With only a few weeks left to the November presidential elections, the world tuned in Monday night to watch President Barack Obama and Republican rival Mitt Romney lock horns on foreign policy issues in the third and final presidential debate.
Ahead of Monday's debate, a high-ranking roster of British officials urged both Obama and Romney to tone down the trigger-happy war rhetoric on Iran and its nuclear program. Sir Ming Campbell told Huffington Post UK that Romney’s “lack of experience and the generalizations that he had pronounced in relation to Iran and the Middle East” is a serious cause for concern.
"Obama is by nature cautious, we know that, we've seen that. My concern is Romney may have given the impression of a much more adventurous policy in the Middle East and that appears to be based on unqualified endorsement of the position and actions of Israel, whereas Obama has been much more fastidious in his approach and not sought to create so called 'red lines' which might trigger automatic actions," he said.
Labour MP John Spellar echoed the sentiment, saying that when it comes to the conflict-ridden Middle East, Romney seeks merely to score points with the voters while Obama aims to take actual steps towards a long-awaited resolution.
In Spain, Romney was largely seen as following in George W. Bush’s footsteps by adopting a bellicose rhetoric on Iran and Middle Eastern issues.El Pais noted that Obama's "bayonets and horses" remark highlighted that he is more levelheaded on foreign policy issues.
Leah Pisar wrote in Le HuffPost that the last debate would most likely boost both Obama’s popularity and his chances to win a second term in the White House. She also suggested that the incumbent U.S. President may be more in touch with world developments, rather than Romney, whose whole strategy seem to boil down to "killing the bad guys".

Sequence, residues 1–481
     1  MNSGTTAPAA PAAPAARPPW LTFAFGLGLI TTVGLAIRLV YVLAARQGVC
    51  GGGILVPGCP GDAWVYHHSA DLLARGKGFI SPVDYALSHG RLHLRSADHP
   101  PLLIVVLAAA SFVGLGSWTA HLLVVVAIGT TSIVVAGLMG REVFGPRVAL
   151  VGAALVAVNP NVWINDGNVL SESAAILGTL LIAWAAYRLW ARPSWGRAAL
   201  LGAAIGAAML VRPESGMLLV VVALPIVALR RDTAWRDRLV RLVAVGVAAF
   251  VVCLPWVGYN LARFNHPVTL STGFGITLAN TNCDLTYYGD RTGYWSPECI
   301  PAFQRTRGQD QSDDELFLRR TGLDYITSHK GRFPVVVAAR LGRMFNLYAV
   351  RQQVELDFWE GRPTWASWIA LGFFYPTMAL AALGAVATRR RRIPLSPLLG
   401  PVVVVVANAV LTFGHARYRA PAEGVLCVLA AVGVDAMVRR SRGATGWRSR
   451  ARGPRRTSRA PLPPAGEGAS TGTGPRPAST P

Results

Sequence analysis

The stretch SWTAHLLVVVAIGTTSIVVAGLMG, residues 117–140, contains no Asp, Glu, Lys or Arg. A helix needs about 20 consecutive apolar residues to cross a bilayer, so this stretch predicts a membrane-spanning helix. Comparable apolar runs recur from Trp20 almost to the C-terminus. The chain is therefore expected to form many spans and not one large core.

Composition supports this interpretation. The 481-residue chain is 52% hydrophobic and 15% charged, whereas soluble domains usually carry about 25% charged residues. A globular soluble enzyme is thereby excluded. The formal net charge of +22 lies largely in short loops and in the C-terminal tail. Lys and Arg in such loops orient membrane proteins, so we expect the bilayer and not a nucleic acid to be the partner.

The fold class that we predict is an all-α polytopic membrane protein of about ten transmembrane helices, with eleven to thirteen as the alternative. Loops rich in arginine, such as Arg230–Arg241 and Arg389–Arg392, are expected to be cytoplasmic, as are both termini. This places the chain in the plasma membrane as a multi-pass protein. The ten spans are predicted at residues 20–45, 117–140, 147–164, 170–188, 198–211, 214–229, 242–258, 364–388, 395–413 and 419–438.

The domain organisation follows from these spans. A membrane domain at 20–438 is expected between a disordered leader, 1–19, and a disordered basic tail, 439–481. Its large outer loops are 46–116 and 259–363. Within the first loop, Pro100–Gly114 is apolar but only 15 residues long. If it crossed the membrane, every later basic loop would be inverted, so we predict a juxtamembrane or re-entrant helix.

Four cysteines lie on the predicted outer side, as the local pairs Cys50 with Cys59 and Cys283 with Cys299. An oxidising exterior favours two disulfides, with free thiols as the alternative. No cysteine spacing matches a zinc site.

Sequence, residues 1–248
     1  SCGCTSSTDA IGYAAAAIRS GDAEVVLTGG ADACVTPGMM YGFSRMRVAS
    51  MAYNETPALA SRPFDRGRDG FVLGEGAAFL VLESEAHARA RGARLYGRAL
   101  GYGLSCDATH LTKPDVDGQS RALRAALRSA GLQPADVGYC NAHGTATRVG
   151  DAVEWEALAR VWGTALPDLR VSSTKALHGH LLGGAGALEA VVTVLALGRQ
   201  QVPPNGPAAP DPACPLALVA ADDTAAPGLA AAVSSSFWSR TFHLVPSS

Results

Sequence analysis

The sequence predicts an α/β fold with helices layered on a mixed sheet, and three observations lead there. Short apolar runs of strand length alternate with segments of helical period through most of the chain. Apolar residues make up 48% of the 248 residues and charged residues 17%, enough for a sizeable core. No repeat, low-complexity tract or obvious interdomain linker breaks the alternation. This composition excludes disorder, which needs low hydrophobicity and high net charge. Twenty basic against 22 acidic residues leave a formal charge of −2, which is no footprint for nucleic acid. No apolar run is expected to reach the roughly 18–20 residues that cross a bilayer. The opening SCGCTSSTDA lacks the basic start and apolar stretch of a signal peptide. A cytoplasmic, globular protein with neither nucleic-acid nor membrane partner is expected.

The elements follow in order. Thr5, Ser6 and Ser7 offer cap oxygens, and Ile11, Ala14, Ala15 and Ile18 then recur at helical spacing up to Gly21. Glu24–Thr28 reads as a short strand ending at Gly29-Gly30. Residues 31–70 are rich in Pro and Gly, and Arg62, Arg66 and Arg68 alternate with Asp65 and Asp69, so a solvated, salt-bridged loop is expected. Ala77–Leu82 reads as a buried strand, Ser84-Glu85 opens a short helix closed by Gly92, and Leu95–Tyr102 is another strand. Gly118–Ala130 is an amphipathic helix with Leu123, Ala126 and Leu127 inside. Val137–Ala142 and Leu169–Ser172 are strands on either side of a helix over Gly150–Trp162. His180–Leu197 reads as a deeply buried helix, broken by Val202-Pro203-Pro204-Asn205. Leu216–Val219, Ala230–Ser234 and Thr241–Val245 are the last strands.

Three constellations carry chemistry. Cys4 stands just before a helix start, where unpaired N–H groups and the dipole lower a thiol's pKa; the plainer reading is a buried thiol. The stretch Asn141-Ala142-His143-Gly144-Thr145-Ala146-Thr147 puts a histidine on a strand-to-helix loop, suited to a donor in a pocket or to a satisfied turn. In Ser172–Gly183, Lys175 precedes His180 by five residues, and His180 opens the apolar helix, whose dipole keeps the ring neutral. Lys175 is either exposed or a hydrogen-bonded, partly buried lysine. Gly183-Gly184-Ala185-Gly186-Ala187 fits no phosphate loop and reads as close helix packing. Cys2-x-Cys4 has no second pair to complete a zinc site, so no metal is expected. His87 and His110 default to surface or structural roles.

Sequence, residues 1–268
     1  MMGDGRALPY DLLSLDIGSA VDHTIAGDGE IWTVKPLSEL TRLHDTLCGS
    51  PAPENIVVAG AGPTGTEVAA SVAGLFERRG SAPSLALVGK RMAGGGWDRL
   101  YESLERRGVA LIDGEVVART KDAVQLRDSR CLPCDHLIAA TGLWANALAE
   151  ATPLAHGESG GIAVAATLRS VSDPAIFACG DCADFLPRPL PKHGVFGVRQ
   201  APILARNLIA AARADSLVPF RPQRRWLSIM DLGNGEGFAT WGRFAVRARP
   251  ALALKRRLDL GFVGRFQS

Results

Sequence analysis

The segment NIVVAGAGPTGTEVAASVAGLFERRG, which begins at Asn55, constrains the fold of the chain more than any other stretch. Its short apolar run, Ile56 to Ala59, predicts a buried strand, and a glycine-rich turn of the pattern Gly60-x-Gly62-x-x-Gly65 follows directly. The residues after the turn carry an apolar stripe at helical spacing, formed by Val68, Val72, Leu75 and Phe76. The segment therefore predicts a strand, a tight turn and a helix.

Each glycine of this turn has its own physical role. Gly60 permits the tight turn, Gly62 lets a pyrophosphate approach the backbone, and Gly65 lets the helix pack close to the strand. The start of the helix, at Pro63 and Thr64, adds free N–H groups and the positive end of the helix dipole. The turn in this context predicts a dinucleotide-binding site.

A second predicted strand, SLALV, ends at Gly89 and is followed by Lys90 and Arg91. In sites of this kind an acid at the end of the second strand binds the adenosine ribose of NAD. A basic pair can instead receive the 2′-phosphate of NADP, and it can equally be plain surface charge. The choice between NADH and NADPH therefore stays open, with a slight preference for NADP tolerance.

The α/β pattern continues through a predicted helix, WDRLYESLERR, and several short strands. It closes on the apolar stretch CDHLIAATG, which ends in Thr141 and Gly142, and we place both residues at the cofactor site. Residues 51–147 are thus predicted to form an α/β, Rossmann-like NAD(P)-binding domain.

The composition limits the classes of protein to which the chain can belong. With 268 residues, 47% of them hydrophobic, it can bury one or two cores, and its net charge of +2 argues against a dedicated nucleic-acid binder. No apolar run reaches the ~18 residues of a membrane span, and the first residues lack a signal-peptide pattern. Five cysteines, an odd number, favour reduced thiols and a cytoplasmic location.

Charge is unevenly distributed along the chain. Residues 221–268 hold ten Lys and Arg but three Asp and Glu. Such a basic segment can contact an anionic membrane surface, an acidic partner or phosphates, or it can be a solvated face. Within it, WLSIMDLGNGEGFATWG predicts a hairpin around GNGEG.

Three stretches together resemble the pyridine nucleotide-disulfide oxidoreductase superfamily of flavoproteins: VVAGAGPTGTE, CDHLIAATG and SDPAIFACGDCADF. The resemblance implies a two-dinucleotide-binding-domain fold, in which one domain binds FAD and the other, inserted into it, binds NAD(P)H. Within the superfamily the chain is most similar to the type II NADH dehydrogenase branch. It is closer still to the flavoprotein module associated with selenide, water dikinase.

Pundits in Italy took issue with both candidates’ lack of interest in U.S. relations with Europe. According to Lucia Annunziata, this showed that current American foreign policy lacks a coherent vision. “It could have been useful, when speaking about the internal economic situation, to emphasize the fact that the crisis on both sides of the Atlantic could have similar solutions to it,” he wrote in HuffPost Italy.
Supriya Dwivedi writes for HuffPost Canada that the presidential debates this year show more than ever that the country has finally taken center stage in the U.S. domestic agenda. She also adds that the debates have shed light on the conservative clout of the Harper government, which has thrown its weight behind Romney in the race to the White House.
CORRECTION: An earlier version of this article mistakenly attributed a quote by Lucia Annunziata to Alberto Flores. This article has been changed to correct that error.